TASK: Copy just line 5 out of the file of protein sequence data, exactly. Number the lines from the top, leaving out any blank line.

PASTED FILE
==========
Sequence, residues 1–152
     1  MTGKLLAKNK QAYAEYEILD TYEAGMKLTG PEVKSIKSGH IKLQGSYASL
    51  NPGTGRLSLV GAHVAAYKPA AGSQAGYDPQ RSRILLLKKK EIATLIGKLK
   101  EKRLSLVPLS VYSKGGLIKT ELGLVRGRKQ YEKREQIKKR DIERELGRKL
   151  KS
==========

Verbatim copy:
   151  KS